Paris may well be considered one of the most beautiful cities in the world but most French people would trade the capital and France's other towns and cities for the countryside anytime, a new Ifop poll shows.
An overwhelming 81 percent of respondents said they preferred the countryside which they associate with a higher quality of life, calm, nature and less pollution.
Another advantage of life in rural France picked out by the respondents was the lower cost of living than in the big cities.
What is perhaps most surprising is that young people appear to be the most keen on a life in the sticks, with 60 percent preferring to live in la France profonde, over 45 percent of the rest of the population.
It would seem then that big cities and urban lifestyles have fallen out of favour. Only 19 percent of respondents said they aspired to live a fully urban lifestyle which would involve both working and living in a town or city.
La ruralité, synonyme de difficultés économiques et de qualité de vie pour les Français, selon une étude https://t.co/GFBjEYWvFv
— Familles Rurales (@FamillesRurales) October 9, 2018
Those already living in the countryside appeared pretty happy with life in the fields with 62 percent believing rural living offers a better quality of life than urban France. Some 93 percent say they were satisfied with life and 53 percent “very satisfied”.
Nevertheless the overwhelming desire to live in the countryside clashes with how the French actually view rural France and the real problems that those who live there experience.
According to the poll, they perceive the French countryside as the part of the country that is the most marginalised and left behind by the authorities, ahead of the country's city suburbs and small and middle-sized towns.
The French countryside was synonymous with social and economic problems, according to half of those polled with some 60 percent of French people believing that rural France was in decline, with many associating it with the “poverty” and “unemployment”.
Among the five percent of those living in the countryside who would like to leave it and head to the city the reasons they gave for the desire to go urban were “boredom”, “isolation” and “difficulty in getting around”.
The feeling of loneliness and isolation are often cited by foreigners as the most difficult aspects of adjusting to life in rural France.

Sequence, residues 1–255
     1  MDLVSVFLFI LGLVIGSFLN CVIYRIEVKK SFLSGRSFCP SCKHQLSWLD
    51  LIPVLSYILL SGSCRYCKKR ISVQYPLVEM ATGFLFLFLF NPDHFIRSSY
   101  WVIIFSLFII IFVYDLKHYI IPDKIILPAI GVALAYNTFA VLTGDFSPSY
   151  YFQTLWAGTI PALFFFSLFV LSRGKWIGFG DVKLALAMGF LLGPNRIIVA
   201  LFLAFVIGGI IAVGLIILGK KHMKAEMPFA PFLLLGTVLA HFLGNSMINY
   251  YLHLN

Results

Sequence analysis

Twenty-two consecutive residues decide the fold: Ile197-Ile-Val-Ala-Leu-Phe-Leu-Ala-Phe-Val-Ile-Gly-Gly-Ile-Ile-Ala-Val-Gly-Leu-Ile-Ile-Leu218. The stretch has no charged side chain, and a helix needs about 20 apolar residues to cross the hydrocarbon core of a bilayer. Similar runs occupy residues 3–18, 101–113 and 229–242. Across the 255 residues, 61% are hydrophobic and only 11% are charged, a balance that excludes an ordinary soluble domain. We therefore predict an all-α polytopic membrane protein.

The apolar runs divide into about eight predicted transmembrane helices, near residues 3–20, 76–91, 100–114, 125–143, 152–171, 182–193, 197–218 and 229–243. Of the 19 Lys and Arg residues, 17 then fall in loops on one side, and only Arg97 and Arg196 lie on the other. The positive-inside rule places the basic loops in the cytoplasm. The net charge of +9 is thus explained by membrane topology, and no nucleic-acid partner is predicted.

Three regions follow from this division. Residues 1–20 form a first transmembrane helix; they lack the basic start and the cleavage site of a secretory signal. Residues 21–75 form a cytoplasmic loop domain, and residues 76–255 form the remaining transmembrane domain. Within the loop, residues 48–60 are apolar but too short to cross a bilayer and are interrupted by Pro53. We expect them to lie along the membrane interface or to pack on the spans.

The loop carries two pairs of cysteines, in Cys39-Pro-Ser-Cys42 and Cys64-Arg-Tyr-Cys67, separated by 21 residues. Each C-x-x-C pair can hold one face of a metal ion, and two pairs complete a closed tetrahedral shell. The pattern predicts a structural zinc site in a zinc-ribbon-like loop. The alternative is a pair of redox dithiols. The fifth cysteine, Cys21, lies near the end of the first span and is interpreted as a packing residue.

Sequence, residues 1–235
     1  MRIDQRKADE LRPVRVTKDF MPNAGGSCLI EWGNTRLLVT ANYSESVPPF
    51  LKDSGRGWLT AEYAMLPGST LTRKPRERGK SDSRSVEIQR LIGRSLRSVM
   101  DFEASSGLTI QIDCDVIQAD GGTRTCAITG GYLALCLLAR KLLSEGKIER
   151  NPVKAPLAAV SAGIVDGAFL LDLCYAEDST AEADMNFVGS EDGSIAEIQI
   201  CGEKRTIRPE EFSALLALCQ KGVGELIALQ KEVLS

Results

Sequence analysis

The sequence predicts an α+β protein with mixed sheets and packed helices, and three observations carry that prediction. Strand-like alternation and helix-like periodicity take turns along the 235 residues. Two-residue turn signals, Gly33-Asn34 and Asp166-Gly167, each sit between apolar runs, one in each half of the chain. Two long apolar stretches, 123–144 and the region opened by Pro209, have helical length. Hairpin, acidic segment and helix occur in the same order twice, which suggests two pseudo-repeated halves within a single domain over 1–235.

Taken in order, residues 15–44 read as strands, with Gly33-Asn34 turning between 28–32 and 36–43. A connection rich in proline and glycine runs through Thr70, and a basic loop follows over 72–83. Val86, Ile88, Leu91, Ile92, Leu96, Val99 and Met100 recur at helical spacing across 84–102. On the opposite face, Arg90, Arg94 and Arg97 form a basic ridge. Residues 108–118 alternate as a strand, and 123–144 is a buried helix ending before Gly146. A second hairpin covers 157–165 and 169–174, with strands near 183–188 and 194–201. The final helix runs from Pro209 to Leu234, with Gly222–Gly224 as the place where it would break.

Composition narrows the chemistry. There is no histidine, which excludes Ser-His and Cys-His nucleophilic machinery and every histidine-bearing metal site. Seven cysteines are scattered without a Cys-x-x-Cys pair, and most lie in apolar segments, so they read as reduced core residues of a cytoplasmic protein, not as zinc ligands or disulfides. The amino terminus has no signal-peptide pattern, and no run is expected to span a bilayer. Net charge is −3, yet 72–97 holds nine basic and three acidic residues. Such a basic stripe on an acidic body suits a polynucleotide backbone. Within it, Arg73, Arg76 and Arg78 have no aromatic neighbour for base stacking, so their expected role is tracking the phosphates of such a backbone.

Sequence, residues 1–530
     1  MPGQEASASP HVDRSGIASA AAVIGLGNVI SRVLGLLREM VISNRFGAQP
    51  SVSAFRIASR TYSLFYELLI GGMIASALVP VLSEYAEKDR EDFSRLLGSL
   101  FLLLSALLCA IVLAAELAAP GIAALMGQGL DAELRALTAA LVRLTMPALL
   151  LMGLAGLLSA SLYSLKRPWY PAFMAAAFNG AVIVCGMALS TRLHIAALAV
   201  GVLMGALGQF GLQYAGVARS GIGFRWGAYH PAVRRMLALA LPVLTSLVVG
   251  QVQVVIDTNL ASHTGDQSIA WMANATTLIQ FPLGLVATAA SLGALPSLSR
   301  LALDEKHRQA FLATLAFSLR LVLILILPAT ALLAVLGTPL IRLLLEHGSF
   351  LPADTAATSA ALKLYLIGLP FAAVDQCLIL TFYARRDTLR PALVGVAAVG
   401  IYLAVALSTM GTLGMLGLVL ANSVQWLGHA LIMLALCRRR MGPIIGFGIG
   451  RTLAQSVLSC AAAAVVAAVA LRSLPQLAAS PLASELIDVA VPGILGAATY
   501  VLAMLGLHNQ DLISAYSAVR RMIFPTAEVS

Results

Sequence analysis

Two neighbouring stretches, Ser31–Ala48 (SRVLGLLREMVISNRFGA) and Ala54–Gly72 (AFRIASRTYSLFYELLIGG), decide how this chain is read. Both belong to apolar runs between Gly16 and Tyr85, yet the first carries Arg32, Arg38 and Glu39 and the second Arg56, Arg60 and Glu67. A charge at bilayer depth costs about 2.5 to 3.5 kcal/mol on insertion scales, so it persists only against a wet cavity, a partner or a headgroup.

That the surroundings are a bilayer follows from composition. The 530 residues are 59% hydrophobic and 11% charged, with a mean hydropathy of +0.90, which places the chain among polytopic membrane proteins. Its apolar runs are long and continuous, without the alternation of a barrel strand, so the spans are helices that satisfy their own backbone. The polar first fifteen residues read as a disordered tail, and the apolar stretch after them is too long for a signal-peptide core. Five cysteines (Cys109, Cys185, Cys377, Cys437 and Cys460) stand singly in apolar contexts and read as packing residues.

“When you feel like you don't have anyone to talk to beyond acquaintances, despite your best efforts to make friends, the loneliness can really become a problem,” one American told The Local.
Dominique Marmier, president of Familles Rurales, a charity that commissioned the poll said: “There's a very strong feeling that the countryside is being abandoned. More public services keep disappearing over the past few years, and also shops, train stations and doctors.”
“Rural areas need more investment. The countryside must be given more means, technological means just like the towns do, there must be broadband everywhere for example,” he said.
Interestingly that sentiment of being left behind is also shared by people living in rural France with some 60 percent say they don't have access to public services.
A similar figure (58 percent) believe the situation around access to public services in the countryside has deteriorated in recent years.
They want the government to tackle the problem of so-called “medical deserts” which sees parts of rural France left without doctors.
It's an issue France's health minister has vowed to improve and announced recently that 400 GPs will be moved to parts of the countryside most in need.
The salaried GPs, so not private practitioners (medecins liberaux), will be paid by hospitals and health centres in the area. The move was deemed a success in the rural Saône-et-Loire department where authorities managed to recruit around 30 doctors spread around the area, each working 35 hours a week.
Private GPs or medecins liberaux will not be forced to parts of the country where there is a need for doctors but will be encouraged with financial incentives.
“We will encourage them so much that these professionals will have no choice,” said a presidential spokesperson.
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Last year the French government pledged €100 million to cover the costs of bringing high-speed internet to the most isolated parts of rural France by 2022.